Review: Chez Pascal

Regional fare, boundless pleasures
By JOHNETTE RODRIGUEZ  |  June 10, 2009

Everything about Chez Pascal, beginning with Monday Market Menus and ending with a gallery show for a Rhody painter, emphasizes co-owners Matt and Kristin Gennuso's support for local talent, be it farmers or artists. The lovely French bistro feel of the dining areas — buttery gold walls with painted tin ceilings and light fixtures that resemble a bouquet of calla lilies — is enhanced by the artwork, which couldn't be more local, since it was produced by a waiter, a hostess, and a bartender who work at Chez Pascal.


The Gennusos (he's the chef, she's the pastry chef) made a commitment to local foods when they took over Chez Pascal more than six years ago. They were at the cutting edge of Rhode Island restaurateurs making connections to local farmers, fishermen, vintners, cheesemakers, bakers, and other food producers. Based on the Winter Farmers' Market in Pawtucket this year, they began to create menu items for Monday evenings based solely on what they could get from the market or the farmers themselves.

Thus, on a recent Monday evening, oysters from Matunuck Oyster Farm were featured with Four Town Farm's radishes and rhubarb. Stoney Hill Cattle Co.'s pork sausage was the base for a ragout; Narragansett Creamery supplied feta and cream cheese; Blackbird Farm provided their homegrown beef; Wishing Stone and Red Planet farms supplied more veggies.

Chez Pascal's regular menu also highlights local products, so we ended up choosing an appetizer with Narragansett Bay squid ($12) and, from the Monday Menu, a salad of greens, radishes, feta, and hard-boiled eggs, the latter from Harmony Hill Farm ($8). The eggs were wonderfully fresh, the feta especially creamy, the greens nicely dressed.

The sautéed squid (not fried) was tender, its rings dolloped with sweet pepper relish and drizzled with a tasty aioli, accompanied by grilled potato bread (from Olga's) and mesclun greens.

Bill chose the Rhode Island-raised pork, house butchered and prepared three different ways ($31). There were slices of marinated grilled leg, marinated grilled loin (Bill found this less tender than the leg pieces), and house-made sausage. As if that weren't enough to thrill Bill, he also had a significant portion of flamiche, a Belgian tart stuffed with Gruyere, potatoes, and sauerkraut. We heard nothing but "mmmmms" from that side of the table once his dish was served.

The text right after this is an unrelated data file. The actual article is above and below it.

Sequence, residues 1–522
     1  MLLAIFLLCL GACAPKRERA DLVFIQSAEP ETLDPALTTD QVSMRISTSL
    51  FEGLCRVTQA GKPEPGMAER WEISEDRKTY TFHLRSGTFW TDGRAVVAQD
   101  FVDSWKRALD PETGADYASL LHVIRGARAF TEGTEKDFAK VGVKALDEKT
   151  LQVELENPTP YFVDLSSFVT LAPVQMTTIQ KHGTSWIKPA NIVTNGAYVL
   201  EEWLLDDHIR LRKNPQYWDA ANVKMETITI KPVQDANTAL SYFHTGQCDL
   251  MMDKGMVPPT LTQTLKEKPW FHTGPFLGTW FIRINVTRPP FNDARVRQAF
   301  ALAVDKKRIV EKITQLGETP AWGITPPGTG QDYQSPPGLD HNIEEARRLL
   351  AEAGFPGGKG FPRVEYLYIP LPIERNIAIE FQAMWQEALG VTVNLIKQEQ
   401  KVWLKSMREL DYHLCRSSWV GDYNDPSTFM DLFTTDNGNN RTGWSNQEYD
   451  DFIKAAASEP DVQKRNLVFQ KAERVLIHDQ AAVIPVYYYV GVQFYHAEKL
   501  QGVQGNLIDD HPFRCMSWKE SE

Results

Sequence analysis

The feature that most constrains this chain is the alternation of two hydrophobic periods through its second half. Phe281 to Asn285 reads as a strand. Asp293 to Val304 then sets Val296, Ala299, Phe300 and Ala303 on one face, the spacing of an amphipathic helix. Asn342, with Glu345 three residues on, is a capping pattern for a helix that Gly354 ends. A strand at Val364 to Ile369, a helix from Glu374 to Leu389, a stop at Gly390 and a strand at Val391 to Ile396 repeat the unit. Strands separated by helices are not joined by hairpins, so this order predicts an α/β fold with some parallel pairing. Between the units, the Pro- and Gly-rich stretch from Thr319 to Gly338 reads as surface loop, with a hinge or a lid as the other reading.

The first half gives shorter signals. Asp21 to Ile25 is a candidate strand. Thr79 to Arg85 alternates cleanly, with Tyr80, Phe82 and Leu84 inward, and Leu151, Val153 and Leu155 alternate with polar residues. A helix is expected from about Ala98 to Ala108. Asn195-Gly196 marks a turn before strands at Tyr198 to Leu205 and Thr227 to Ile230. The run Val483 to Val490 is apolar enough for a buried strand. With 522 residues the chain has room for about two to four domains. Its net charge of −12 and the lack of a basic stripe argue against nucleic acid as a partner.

I chose the chicken entrée ($25) and encouraged our friend Baiba to get the Bomster scallops ($25), since they are the flash-frozen-at-sea beauties from Stonington, Connecticut. My small half-chicken, delicately roasted and very flavorful, was accompanied by parsnip purée (a much lighter variation on mashed potatoes), braised greens (I'm picky, and these were cooked just right), and a savory/sweet Muscat grape sauce. Every-thing on the plate was memorably balanced.

Baiba found the same to be true of the scallops, pan-sautéed with a nice crust, plus a veggie potage, pommes Maxim, and a golden beet and raisin compote. The potage was a delightful parade of parsnips, celery, onions, turnips, and carrots, with the first two taking the lead. The pommes were very thinly-sliced potatoes, tossed in melted butter and baked in a slow oven. In a petal arrangement, they were quite chic atop the potage. The compote had an earthiness that deftly complemented the scallops.

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